Buggay History, Family Crest & Coats of Arms

Buggay is an ancient Norman name that arrived in England after the Norman Conquest of 1066. The Buggay family lived in Dorset. The family's name, however, is reference to Buge, Normandy, their place of residence prior to the Norman Conquest of England in 1066. [1]

Alternatively the name could have been derived from the Saxon names Bucge and Bogue. [2] Another source continues this postulation, noting the "Anglo - Saxon landholders named Buga and Bugga, and that these names, together with Bucge, are also ancient German names. In fact, at the present day we find Bugge as a surname both in Germany and Scandinavia. " [3]

Early Origins of the Buggay family

The surname Buggay was first found in Dorset, where "the family of Bugg, of the vicinity of Sherborne, have probably an ancestor in John Bugge, who owned land in West Tyneham some time in the 16th century. Both Bugg and Bugge were not uncommon names in Oxfordshire in the reign of Edward I. "[3]

This same source notes that "we learn from Deering's " Nottingham," that in the reign of Mary I., the Bugges, as Merchants of the Staple, were persons of considerable note in the town of Nottingham. " [3]

But the family was far more widespread and prevalent in the early years, than the aforementioned localization. The Hundredorum Rolls of 1273 listed: Bate Bugge, Yorkshire; William Bugge, Oxfordshire; and Osberne Bugge, Oxfordshire. The early Yorkshire Poll Tax Rolls of 1379 listed Willelmus Bugge; Robertus Bugg; and Johannes Bugg, 1379 as all holding lands there at that time. [4]

Important Dates for the Buggay family

This web page shows only a small excerpt of our Buggay research. Another 150 words (11 lines of text) covering the years 1086, 1548, 1592, 1751, 1640 and 1724 are included under the topic Early Buggay History in all our PDF Extended History products and printed products wherever possible.

Buggay Spelling Variations

Norman surnames are characterized by a multitude of spelling variations. The frequent changes in surnames are largely due to the fact that the Old and Middle English languages lacked definite spelling rules. The introduction of Norman French to England, as well as the official court languages of Latin and French, also had pronounced influences on the spelling of surnames. Since medieval scribes and church officials recorded names as they sounded, rather than adhering to any specific spelling rules, it was common to find the same individual referred to with different spellings. The name has been spelled Bugge, Bug, Buge, Bugg, Buggs, Buggy, Buggie and others.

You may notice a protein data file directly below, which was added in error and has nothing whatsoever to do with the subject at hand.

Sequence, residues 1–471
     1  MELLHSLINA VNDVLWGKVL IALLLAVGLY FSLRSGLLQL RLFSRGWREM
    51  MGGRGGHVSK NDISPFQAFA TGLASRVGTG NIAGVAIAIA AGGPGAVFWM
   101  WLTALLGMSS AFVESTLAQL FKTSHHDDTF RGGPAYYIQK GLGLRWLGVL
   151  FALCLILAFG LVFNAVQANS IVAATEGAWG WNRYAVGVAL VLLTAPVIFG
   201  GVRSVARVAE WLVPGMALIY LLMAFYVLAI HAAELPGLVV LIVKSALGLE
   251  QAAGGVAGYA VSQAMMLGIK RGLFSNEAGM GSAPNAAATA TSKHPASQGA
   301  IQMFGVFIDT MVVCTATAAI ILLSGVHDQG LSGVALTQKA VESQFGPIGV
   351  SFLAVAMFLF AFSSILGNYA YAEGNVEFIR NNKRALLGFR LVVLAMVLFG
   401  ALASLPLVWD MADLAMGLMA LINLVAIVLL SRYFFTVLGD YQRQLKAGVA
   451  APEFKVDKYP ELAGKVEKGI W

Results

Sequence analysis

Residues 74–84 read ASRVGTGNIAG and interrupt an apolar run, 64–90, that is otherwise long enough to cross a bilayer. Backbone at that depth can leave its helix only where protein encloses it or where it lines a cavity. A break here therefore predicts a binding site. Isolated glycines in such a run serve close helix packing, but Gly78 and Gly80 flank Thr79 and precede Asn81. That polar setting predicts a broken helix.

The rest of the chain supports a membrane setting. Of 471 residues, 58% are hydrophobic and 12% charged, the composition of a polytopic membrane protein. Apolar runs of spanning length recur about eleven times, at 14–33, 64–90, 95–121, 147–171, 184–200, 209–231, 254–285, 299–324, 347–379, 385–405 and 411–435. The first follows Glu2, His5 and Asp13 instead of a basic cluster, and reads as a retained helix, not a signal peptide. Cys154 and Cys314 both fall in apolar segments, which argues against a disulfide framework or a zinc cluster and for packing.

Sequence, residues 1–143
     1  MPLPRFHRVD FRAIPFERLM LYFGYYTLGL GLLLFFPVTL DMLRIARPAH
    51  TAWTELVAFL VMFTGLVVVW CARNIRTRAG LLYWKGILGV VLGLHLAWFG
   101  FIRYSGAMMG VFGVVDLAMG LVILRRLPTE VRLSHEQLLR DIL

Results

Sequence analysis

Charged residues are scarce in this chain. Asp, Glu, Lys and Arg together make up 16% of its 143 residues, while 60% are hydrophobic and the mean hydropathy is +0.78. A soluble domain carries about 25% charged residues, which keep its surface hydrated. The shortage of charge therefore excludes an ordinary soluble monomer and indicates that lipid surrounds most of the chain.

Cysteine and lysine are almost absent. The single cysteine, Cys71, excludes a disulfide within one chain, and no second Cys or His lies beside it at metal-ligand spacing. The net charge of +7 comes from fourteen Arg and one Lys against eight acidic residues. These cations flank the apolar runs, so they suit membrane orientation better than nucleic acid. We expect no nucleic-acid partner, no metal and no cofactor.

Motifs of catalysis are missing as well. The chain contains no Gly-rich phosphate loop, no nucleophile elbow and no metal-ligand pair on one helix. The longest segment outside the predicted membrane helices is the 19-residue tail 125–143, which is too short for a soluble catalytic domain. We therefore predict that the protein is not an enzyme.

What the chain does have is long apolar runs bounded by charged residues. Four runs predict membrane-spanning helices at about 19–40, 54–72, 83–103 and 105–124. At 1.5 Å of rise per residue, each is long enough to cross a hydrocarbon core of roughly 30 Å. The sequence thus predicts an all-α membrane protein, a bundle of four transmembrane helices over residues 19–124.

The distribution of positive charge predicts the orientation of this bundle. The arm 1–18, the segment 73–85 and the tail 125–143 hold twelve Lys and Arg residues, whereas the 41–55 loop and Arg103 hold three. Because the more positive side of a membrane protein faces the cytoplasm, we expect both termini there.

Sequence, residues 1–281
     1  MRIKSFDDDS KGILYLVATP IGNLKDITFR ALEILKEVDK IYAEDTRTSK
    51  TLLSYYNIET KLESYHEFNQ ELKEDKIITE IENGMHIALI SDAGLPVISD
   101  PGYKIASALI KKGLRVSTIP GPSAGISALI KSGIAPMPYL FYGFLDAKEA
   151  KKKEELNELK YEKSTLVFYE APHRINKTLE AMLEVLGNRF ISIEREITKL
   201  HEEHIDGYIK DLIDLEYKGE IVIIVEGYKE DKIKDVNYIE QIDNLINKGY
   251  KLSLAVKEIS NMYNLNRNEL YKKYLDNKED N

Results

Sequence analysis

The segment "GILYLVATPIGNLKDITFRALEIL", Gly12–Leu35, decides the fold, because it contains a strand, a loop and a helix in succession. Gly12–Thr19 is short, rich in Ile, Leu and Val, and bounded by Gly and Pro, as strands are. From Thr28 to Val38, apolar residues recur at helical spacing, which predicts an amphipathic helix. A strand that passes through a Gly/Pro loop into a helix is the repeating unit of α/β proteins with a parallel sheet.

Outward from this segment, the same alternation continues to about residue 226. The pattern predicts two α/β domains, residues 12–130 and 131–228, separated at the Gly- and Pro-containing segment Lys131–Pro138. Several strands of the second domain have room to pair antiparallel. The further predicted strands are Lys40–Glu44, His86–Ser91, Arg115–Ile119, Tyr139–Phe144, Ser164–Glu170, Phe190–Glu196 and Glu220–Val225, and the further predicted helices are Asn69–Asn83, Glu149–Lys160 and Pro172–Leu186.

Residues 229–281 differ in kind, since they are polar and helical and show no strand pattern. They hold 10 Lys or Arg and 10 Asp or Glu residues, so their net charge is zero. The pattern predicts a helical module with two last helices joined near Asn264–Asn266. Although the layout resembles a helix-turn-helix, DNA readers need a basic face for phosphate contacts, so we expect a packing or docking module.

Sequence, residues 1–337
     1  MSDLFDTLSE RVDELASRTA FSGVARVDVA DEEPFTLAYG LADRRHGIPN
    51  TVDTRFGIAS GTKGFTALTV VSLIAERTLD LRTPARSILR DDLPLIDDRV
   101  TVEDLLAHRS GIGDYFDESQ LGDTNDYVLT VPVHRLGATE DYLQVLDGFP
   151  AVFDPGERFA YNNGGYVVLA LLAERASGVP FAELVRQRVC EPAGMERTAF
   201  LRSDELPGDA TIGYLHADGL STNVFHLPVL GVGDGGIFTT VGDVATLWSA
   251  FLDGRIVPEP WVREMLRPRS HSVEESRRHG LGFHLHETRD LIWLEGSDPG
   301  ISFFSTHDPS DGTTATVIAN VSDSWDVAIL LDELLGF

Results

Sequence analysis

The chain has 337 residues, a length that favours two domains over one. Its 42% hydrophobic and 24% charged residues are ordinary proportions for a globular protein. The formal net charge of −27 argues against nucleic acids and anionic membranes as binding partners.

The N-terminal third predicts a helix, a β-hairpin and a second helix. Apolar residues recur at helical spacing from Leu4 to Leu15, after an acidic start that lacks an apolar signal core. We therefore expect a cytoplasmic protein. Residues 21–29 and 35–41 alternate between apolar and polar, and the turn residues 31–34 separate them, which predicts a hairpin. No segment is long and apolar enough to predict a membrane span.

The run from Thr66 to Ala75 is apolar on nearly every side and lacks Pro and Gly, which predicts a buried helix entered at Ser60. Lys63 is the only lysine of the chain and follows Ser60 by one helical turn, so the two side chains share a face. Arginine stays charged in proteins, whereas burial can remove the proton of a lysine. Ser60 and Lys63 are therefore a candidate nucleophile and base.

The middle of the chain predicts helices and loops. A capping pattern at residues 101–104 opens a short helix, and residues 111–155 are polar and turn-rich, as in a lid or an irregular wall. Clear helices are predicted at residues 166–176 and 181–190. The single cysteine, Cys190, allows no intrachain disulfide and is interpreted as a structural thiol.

Early Notables of the Buggay family (pre 1700)

Outstanding amongst the family at this time was Francis Bugg (1640-1724?), English writer against Quakerism, of whose life no authentic account remains, is only known from his own writings or those of his opponents...
Another 33 words (2 lines of text) are included under the topic Early Buggay Notables in all our PDF Extended History products and printed products wherever possible.

Migration of the Buggay family to Ireland

Some of the Buggay family moved to Ireland, but this topic is not covered in this excerpt.
Another 45 words (3 lines of text) about their life in Ireland is included in all our PDF Extended History products and printed products wherever possible.

Migration of the Buggay family

Many English families emigrated to North American colonies in order to escape the political chaos in Britain at this time. Unfortunately, many English families made the trip to the New World under extremely harsh conditions. Overcrowding on the ships caused the majority of the immigrants to arrive diseased, famished, and destitute from the long journey across the stormy Atlantic. Despite these hardships, many of the families prospered and went on to make invaluable contributions to the development of the cultures of the United States and Canada. Early North American immigration records have revealed a number of people bearing the name Buggay or a variant listed above: Joan Bugg who settled in Virginia in 1654; Charles Buggs with his wife and three children settled in New England in 1836; Joseph Bugg settled in Barbados in 1654.

Citations

  1. ^ The Norman People and Their Existing Descendants in the British Dominions and the United States Of America. Baltimore: Genealogical Publishing, 1975. Print. (ISBN 0-8063-0636-X)
  2. ^ Lowe, Mark Anthony, Patronymica Britannica, A Dictionary of Family Names of the United Kingdom. London: John Russel Smith, 1860. Print.
  3. ^ Guppy, Henry Brougham, Homes of Family Names in Great Britain. 1890. Print.
  4. ^ Bardsley, C.W, A Dictionary of English and Welsh Surnames: With Special American Instances. Wiltshire: Heraldry Today, 1901. Print. (ISBN 0-900455-44-6)
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